A Century of Challenges

Oct. 7 – 14, 2004
A Century of Challenges
By Deacon Tom Picciano/ SUN contributing writer
SUN photo(s) Paul FInch
Binghamton’s Ss. Cyril and Methodius Parish Celebrates 100 Years of Service

Binghamton — When a steeple was placed on the new Ss. Cyril and Methodius Church in 1960, it didn’t sit just right. It was eventually removed and placed back atop the roof, with a small addition by the Boy Scout leader at the parish. “He put a medal of Cyril and Method right up in the cross there,” said lifelong parishioner Patricia Mangurian. “It’s a true story.”

Inside the current church building, the patron saints watch over the congregation from over the choir loft in a painting that came from the original church building. Other paintings of the same era featuring Jesus and saints line the ceilings from the rear of the church to above the altar. Many of the statues also came from the first building, which was used for nearly 60 years. Bishop Patrick Ludden arrived in a carriage with four white horses to place the cornerstone in 1904. He was followed by two Slovak priests from Pennsylvania. The parish was founded by Slovaks. Many came from the coal mines in Pennsylvania to work for the Endicott-Johnson Shoe Company in Broome County. Some of their descendents still attend the parish 100-years later. “My grandparents were the first couple married in the original St. Cyril’s Church,” said Carole Shramek, a lifelong parishioner and member of the 100th anniversary committee. “They were married the day the church officially opened.” Shramek’s parents were also life-long parishioners.

“When you get to that 100 year anniversary, I think it’s a sign of how God has continued to bless the parish and strengthen the parish and hopefully will help it continue to grow.” said Brother Edward Falsey, OFM Conv., who has been in residence at the parish since 1985. The parish is named for two saints, although it’s commonly called St. Cyril’s, without a mention of his brotherBinghamton’s Ss. Cyril and, St. Methodius. “They brought the alphabet, language and faith to the Slovak people,” said Bev Harkness, parish secretary for 23 years. “One time we had some people in our hall for breakfast after a funeral and they thought they were in a Methodist church because that saw Methodius or Method involved there and they didn’t know if they were invited back into the church because they were Catholics. So I had to explain the background of St. Cyril and Methodius,” said Mangurian. “We have a very warm and friendly congregation. The people are very open,” said Shramek. “Even if you don’t know them by name, they’ll greet you and stop and talk.” Harkness is a convert whose husband is a life-long parishioner. Her husband’s grandmother often told her stories of the early days of the parish. “She used to walk up and down Clinton Street and collect a nickel from each of her Altar-Rosary Band members and that’s how they bought the mattresses for the convent. So it has a long history of hard-working, sacrificing people and it’s been a privilege to work here and serve here.” Parishioners have risen to a few challenges over the years. On Easter Sunday 1939, a fire destroyed the church hall. It was rebuilt within 2 years. Then in December of 1967, a gas explosion blew out inner doors and did other damage to the building. The church was reopened in time for Christmas.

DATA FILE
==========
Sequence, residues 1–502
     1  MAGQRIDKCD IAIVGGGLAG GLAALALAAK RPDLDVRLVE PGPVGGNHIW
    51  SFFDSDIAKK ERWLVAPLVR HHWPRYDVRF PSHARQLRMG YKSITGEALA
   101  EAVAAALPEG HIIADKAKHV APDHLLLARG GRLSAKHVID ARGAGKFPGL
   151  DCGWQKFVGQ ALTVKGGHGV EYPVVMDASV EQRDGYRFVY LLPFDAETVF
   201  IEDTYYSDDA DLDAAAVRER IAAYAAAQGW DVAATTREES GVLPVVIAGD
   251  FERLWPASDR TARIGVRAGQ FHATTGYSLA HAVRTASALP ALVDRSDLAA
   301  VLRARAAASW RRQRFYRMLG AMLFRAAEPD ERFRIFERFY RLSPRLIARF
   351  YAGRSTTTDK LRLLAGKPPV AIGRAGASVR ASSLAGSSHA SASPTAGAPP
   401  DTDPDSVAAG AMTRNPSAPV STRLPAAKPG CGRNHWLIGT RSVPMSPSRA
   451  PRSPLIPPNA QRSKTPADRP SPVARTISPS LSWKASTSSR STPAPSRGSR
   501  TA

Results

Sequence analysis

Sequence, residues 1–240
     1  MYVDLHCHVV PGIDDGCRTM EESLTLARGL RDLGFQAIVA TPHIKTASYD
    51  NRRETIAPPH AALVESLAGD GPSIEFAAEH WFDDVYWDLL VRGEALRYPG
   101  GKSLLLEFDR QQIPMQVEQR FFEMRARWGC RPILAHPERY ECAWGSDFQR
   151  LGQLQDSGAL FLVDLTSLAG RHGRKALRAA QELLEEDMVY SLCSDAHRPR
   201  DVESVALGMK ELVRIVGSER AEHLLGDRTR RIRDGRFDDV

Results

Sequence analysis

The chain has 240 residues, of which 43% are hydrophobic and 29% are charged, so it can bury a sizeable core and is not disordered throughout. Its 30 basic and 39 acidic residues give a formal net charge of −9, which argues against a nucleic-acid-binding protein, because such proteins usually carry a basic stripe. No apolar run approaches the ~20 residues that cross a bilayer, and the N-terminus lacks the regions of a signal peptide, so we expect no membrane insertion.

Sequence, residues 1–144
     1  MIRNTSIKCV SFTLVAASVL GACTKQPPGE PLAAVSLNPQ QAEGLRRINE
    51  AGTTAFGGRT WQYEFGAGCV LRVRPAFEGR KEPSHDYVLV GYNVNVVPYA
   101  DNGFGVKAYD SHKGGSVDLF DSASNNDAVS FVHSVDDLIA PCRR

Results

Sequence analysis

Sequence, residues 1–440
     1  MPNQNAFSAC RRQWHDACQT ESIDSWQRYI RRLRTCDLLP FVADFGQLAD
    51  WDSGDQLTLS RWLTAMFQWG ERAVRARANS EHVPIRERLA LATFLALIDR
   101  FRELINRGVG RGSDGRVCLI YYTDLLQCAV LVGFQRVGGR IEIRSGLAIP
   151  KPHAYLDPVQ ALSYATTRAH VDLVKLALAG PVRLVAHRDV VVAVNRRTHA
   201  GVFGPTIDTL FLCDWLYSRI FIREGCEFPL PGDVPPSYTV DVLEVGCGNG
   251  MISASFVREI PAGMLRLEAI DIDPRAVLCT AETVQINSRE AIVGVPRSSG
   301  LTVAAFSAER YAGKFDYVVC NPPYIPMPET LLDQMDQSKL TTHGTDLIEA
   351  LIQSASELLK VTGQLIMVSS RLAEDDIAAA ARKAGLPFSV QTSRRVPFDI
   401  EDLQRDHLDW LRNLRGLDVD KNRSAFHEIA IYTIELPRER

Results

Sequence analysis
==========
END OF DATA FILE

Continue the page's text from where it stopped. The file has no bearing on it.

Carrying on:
St. Cyril’s first pastors were assigned by the Diocese of Syracuse. That changed in 1923 when Franciscan Friars arrived. Father George Sandor, OFM Conv. is the current pastor. Four priests and one brother live at the friary now. From 1911 to 1979, the parish operated a school. The Sisters of Saint Joseph served first as teachers. Later, the Slovak Sisters of Sts. Cyril and Methodius took over teaching duties.The convent was leased to Catholic Charities in 1985 and this summer the former school building was sold for use as senior housing.

The parish has ambitious plans for the future, with a $650,000 fund drive to make improvements to the church and hall. The Slovak heritage and a rich history of social gathering will be a part of the 100th anniversary celebration. The Slovak Ambassador to the US will attend a dinner dance on Saturday, October 16 at the Binghamton Regency Hotel. Slovak hymns and some people in traditional costumes will be featured the following morning at the 11 am Mass to be concelebrated by Bishop James Moynihan.

For more information on the 100th anniversary events, call the St. Cyril’s Parish Office at (607) 724-1372.

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